For the fifth time since June of 2013, a New Jersey Tax Court has ruled against Princeton University in lawsuits about the school’s tax-exempt status.
Four Princeton residents have filed two lawsuits, one challenging the tax-exempt status of various Princeton University properties in the 2011 tax year, and the second challenging Princeton University’s tax exemption in the 2014 tax year.
Tax Court Judge Vito Bianco yesterday rejected the University’s claim that the burden of proof in the case should be on the four residents who are challenging the tax exemption.
The lawyer for the residents, Bruce Afran, successfully argued that the burden of proof is always with the party claiming an exemption from taxation, and not with the party challenging the granting of an exemption.
“Princeton’s arguments defy firmly established precedent that `the party seeking exemption under a statute granting exemption from property taxation bears the burden of proving that the bases for it have been established,” wrote Bianco in his decision.
The burden of proof would rest on the residents if they were challenging the assessment amounts the municipal tax assessor calculated for University properties, but challenging the school’s tax exemptions is a separate issue and the same burden would not apply, the judge ruled. The burden of proof for granting a tax exemption rests on the organization seeking the tax exemption.
“According to Princeton, if it had to bear the burden of proof when, as here, its approved property tax exemption is challenged by third-parties, the long-standing principle that decisions of the assessor are afforded a presumption of validity would be abolished. The court rejects this argument,” Bianco wrote. “There is, however, a clear difference between the process for valuation assessments and that of exemption determinations. While the former involves extensive experience and first-hand knowledge of the property being assessed, the real estate appraisal process, and the marketplace, the latter is an evaluation based significantly on the reliability of representations made by the applicant in the paperwork submitted in support of the application for exemption, and of the actual use of the property for which a tax exemption is claimed.”
The University also claimed allowing such lawsuits would open the flood gates for litigation.
“Princeton’s public policy argument here is no more convincing than its previous arguments. The court finds no foreseeable danger that there will be a mass citizen uprising to usurp every tax exemption granted as Princeton seems to assert,” Bianco wrote. “The context of public policy considerations at issue here is much broader than the simplistic `flood gates of litigation’ fears raised by Princeton. In that regard, it appears to the court that the more compelling public policy concerns in these matters rest squarely on the side of the taxpayer’s right to challenge the exemption, and for Princeton to prove it meets the criteria for the exemption.”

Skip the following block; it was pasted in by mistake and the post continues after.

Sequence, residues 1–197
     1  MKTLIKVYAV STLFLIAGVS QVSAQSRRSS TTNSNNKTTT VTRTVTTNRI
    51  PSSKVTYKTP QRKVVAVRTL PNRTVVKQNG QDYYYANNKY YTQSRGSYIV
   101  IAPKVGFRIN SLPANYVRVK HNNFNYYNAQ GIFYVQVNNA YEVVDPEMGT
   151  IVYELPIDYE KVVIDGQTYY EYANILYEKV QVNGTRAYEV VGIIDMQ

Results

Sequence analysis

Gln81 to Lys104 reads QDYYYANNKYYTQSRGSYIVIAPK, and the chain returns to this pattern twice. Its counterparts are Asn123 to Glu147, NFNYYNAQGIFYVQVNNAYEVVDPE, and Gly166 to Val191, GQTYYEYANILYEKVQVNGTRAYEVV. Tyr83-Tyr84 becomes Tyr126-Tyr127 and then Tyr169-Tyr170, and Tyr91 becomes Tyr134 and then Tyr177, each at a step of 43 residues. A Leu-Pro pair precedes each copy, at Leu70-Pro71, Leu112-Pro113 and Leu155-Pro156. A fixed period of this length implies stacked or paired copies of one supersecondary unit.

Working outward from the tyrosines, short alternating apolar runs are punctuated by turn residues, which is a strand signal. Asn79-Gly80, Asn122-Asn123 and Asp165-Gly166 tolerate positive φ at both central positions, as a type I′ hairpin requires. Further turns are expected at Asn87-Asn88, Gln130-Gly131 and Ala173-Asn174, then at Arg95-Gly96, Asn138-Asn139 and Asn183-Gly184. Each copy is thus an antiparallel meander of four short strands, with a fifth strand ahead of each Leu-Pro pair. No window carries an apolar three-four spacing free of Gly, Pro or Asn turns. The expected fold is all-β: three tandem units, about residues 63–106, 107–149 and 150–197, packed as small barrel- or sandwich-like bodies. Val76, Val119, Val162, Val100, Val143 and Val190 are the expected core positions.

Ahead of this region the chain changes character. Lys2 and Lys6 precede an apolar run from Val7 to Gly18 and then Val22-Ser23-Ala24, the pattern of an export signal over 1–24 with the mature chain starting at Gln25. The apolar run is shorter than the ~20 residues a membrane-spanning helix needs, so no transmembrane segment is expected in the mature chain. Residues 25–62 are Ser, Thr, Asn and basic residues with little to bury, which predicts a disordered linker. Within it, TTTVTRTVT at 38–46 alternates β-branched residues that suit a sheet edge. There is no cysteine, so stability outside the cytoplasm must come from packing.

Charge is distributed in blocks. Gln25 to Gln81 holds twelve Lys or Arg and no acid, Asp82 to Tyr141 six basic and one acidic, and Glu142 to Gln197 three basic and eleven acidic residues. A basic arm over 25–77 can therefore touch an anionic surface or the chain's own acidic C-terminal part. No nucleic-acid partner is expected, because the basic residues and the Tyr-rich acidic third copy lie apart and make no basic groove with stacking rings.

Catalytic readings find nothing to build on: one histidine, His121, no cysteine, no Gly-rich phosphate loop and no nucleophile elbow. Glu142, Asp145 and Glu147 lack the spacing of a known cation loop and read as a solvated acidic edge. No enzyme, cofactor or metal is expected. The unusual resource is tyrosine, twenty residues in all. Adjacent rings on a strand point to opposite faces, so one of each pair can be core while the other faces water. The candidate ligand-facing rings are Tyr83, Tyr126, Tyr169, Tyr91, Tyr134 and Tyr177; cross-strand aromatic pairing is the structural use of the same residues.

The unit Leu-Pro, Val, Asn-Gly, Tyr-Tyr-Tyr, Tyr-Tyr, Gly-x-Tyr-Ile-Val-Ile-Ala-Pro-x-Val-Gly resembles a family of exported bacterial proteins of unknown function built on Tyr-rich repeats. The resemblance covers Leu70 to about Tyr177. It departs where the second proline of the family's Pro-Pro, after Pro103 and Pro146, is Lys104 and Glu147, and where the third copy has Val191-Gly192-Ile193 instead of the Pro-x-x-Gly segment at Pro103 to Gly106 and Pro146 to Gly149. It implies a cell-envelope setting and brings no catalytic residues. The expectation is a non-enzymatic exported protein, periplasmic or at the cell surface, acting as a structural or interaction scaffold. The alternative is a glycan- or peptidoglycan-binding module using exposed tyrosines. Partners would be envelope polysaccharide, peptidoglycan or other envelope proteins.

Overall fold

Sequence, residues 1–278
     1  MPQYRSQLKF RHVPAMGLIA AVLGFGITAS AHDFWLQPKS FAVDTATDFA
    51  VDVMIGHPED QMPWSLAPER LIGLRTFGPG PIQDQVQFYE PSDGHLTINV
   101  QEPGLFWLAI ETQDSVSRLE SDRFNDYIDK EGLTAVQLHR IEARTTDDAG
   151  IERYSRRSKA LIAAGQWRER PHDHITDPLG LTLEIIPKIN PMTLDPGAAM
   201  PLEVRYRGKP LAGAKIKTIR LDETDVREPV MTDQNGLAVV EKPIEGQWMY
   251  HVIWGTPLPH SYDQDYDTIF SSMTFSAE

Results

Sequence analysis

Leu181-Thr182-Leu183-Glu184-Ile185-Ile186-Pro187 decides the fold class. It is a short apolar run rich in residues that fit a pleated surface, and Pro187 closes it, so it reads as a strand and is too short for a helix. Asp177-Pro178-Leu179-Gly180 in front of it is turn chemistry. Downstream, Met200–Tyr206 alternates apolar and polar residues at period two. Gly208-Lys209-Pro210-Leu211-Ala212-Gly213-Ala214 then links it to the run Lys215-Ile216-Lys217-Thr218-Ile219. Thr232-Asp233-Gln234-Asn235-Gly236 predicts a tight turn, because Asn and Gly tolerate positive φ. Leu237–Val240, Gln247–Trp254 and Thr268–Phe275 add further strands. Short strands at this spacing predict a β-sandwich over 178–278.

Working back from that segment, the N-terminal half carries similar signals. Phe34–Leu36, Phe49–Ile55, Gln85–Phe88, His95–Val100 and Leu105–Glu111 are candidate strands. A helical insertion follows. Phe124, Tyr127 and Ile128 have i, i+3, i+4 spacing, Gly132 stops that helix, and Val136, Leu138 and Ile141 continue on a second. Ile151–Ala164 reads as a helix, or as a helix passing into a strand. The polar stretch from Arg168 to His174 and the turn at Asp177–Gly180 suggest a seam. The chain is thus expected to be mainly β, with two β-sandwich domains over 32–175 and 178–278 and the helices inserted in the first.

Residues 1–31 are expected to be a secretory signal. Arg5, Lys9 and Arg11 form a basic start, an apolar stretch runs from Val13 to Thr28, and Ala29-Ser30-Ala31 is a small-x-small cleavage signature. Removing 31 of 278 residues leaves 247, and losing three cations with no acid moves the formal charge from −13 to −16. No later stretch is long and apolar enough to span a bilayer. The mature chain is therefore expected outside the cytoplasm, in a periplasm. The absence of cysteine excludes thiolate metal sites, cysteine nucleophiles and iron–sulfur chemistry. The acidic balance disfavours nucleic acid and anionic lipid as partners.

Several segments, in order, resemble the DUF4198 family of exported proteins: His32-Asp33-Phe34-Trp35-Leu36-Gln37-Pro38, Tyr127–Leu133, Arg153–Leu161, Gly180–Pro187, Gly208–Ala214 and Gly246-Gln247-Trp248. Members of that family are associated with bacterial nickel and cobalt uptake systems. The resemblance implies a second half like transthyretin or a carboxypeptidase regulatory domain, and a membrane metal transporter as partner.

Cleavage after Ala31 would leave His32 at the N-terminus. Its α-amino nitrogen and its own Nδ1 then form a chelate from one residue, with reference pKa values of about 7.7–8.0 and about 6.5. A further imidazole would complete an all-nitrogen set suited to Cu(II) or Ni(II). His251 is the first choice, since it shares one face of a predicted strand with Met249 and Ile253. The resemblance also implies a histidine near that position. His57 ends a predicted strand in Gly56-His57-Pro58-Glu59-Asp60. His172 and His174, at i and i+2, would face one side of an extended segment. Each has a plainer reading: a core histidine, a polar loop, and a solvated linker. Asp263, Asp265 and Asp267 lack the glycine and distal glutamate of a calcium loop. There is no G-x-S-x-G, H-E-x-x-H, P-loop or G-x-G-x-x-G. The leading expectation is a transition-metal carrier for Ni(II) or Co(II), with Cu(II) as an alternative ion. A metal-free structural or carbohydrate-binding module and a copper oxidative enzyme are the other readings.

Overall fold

The judge noted that Princeton could not come up with another copycat example of a similar suit even in the wake of the significant publicity surrounding this case. Universities do not seem to face frequent challenges to their tax-exempt status, except for ancillary properties that are not being used for educational purposes, Bianco wrote.
“Further, the court is not persuaded by the concerns expressed by Princeton and the Municipality over the potential cost to them of this litigation,” he wrote.
“In this court’s view, if the right of these taxpayers to appeal Princeton’s property tax exemption is to have any meaning, then public policy demands that Princeton must bear the burden of establishing it qualifies for property tax exemption under applicable law, given the more compelling public policy concern here that all property shall bear its just and equal share of the public burden of taxation,” he wrote.
Earlier this year, the same judge rejected Princeton University’s request to have the 2014 case dismissed. The school asked the Superior Court Appellate Division to hear an appeal concerning the “applicable legal standard” for the case while the rest of the case is still pending, and the Appellate Division also ruled against the University.
In the summer of 2013, Bianco rejected a motion by Princeton to dismiss the 2011 case, and said the case could be an important one affecting nonprofits. After the filing of 2014 case, the school requested that the both cases be moved from Morristown back to Trenton. At the time, the lawyer for the plaintiffs in the case accused the school of moving the case in order to “judge shop.”
A handful of Princeton residents challenged the tax exempt status of various Princeton University properties after examining the results of the 2010 Princeton property revaluation.
They contend that Princeton University should be paying property taxes on many buildings that are currently tax exempt, because the buildings have commercial functions. Their lawyer said the school has evolved into a hybrid, and is operating retail food establishments, ticketing operations and numerous other commercial operations. The school also receives royalties for patents, and some of the profits are distributed to faculty members.
Representatives for Princeton University have argued that all the money made by the school is intended to support the school’s educational mission, and thus the school should not pay taxes on any of the buildings.